Northern Ireland news

Ballymurphy Inquest: Three hard-working, loving fathers remembered by families broken by their brutal murders

The three families of victims Eddie Doherty, Joseph Corr and Danny Teggart gave evidence to the inquest yesterday. Family members, from left, Kathleen McGarry, Eileen McKeown and Alice Harper. Picture by Hugh Russell

THREE hard-working, loving fathers were remembered yesterday by the families broken by their brutal murders over three days in the Ballymurphy area of west Belfast.

The inquest into the notorious 1971 massacre heard how Danny Teggart (46) had found out he was going to become a grandfather again just hours before he was shot dead on August 9.

His daughter Alice Harper told Mrs Justice Siobhan Keegan he had been "all delighted" after she told him she was expecting a baby, when he called round "to see if we were all right" amid the tumult unleashed by the introduction of internment that day.

After taking her infant son to give her "some rest", Mr Teggart asked her to give him a haircut.

"I cut his tiny black curls and brushed the hair up and put it into a wee horse and cart ornament.

"Little did I know that I would later identify him in the morgue by those same black curls. He left my house that day and that was the last time I seen my father alive."

Aged just 23, Mrs Harper told how, after going house-to-house the next morning asking neighbours if they had seen him, she went to the army post at Henry Taggart Memorial Hall.

"I asked `Did you arrest my father?'... and they just said no we hadn't time for arrests we only had time for killing."

Mr Teggart's family also suffered financially after his death.

The father-of-13 would break up sticks and sell them around the streets, also working as a `rag and bone' man and cleaning windows for "all the big stores" in the city centre to bring in extra money.

Father-of-four, Eddie Doherty "just lived for (wife) Marie and their kids", his sister Kathleen McCarry told the coroner.

"He was content with what he had and he was in his own wee orbit that he owned his house, and provided for his kids. He was just happy to be a husband and a daddy.

"On payday he would give Marie his unopened pay packet, she would then buy him his cigarettes for the week. Not too many men did that in those days."

She recalled seeing him the day after internment started "in an awful state about Father Mullan and Mrs Connolly and the others being shot".

Mr Doherty left his sister Theresa's house at 4.35pm.

The family heard on the 10pm news bulletin "a gunman who had been operating in Ardoyne the night before and his body had been dumped in Whiterock. He said he had been named as Eamon Doherty".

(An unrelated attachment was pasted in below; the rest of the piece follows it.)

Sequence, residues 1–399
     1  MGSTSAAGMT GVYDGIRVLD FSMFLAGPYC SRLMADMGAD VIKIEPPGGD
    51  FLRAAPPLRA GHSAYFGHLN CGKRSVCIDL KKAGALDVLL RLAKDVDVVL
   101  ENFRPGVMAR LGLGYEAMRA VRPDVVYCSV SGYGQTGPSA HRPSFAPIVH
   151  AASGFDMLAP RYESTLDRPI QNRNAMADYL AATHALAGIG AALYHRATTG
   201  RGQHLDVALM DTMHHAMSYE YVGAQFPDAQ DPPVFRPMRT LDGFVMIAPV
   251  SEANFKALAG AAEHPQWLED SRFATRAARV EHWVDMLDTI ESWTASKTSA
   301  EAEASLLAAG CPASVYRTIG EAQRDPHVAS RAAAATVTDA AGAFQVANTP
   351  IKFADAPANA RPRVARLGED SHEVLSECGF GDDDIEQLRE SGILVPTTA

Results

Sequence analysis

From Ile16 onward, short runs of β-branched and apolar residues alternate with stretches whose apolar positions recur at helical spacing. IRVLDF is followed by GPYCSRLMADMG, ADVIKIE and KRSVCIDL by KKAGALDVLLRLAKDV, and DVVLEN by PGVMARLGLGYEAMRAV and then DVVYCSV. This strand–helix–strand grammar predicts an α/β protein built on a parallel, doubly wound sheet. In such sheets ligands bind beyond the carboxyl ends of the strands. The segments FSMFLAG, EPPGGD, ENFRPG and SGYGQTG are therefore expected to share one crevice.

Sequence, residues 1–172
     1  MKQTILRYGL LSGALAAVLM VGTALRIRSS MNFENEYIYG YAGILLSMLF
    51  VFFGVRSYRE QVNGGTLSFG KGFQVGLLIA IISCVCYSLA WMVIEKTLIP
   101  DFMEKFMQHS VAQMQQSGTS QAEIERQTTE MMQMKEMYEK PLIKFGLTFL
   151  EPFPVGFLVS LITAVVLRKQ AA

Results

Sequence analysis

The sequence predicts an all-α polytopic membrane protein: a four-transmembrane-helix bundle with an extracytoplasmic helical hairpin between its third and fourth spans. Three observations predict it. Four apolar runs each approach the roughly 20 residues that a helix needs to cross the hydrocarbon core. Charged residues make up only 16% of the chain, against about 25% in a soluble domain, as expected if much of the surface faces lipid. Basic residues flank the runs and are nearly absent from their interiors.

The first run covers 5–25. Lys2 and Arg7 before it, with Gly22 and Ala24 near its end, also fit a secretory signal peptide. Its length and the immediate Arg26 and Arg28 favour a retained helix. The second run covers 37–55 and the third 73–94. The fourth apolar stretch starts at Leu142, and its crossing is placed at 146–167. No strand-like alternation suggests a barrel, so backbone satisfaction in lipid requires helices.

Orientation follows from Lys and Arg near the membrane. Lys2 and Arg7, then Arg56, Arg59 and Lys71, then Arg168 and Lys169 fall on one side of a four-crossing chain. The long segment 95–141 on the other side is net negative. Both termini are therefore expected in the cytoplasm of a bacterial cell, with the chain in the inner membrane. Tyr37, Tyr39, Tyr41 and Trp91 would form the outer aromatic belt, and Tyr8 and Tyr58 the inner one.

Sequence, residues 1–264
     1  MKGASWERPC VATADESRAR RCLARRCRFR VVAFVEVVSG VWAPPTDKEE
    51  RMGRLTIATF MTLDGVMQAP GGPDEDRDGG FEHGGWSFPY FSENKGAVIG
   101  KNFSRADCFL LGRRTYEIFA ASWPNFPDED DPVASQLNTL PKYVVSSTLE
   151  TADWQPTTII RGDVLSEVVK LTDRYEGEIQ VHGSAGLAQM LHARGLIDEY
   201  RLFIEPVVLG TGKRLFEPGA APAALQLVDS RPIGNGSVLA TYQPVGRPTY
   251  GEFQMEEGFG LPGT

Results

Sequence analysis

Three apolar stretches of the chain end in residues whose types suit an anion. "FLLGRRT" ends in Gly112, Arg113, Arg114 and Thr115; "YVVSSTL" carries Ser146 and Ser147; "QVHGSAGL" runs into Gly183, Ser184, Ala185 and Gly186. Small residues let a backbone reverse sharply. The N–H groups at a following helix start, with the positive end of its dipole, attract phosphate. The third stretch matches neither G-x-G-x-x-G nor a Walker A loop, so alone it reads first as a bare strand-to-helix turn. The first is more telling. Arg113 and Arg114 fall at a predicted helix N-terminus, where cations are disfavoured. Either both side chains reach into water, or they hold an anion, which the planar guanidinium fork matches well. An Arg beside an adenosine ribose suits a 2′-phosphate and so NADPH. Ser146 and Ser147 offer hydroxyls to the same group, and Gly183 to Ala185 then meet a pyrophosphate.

"My mummy went to pieces, we all went to pieces, it was like a nightmare you were never wakening from.

"There were times we couldn't find her and would have to go out looking for her, we would find her at the grave washing it down."

After a nervous breakdown and spending time in Purdysburn psychiatric hospital, his mother "died of a broken heart seven years after Eddie".

"For seven years we just watched her deteriorate. She went from this strong woman who washed the dead, delivered babies, did amazing things, to a woman who was lost."

Mrs McCarry described a family "torn apart with grief... not only did we lose Eddie we lost Marie too", his widow dying nine years later of a heart attack aged just 40, leaving their children orphans.

Father-of-seven Joe Corr "lived for his family, he even took on part-time jobs window cleaning and that to bring in a bit of extra money".

They were preparing to emigrate to Australia when he was killed.

He and his son Joe had been the top of their street "when the soldiers started shooting... everybody scattered running everywhere", his daughter Eileen McKeown told the coroner.

"My daddy didn't get a chance to run when he was shot. Joe returned home unaware of what had happened to daddy."

Her brother was devastated to discover the body he had stepped over to help someone else "was his daddy".

"He had this thing in his head that if he had let the other person go that he could've helped his daddy... It haunted him for the rest of his life."

After his death, the family received hate mail from Mr Corr's former workplace, Shorts, after news reports he had been a gunman.

"I want my daddy's name cleared," Mrs McCarry said.

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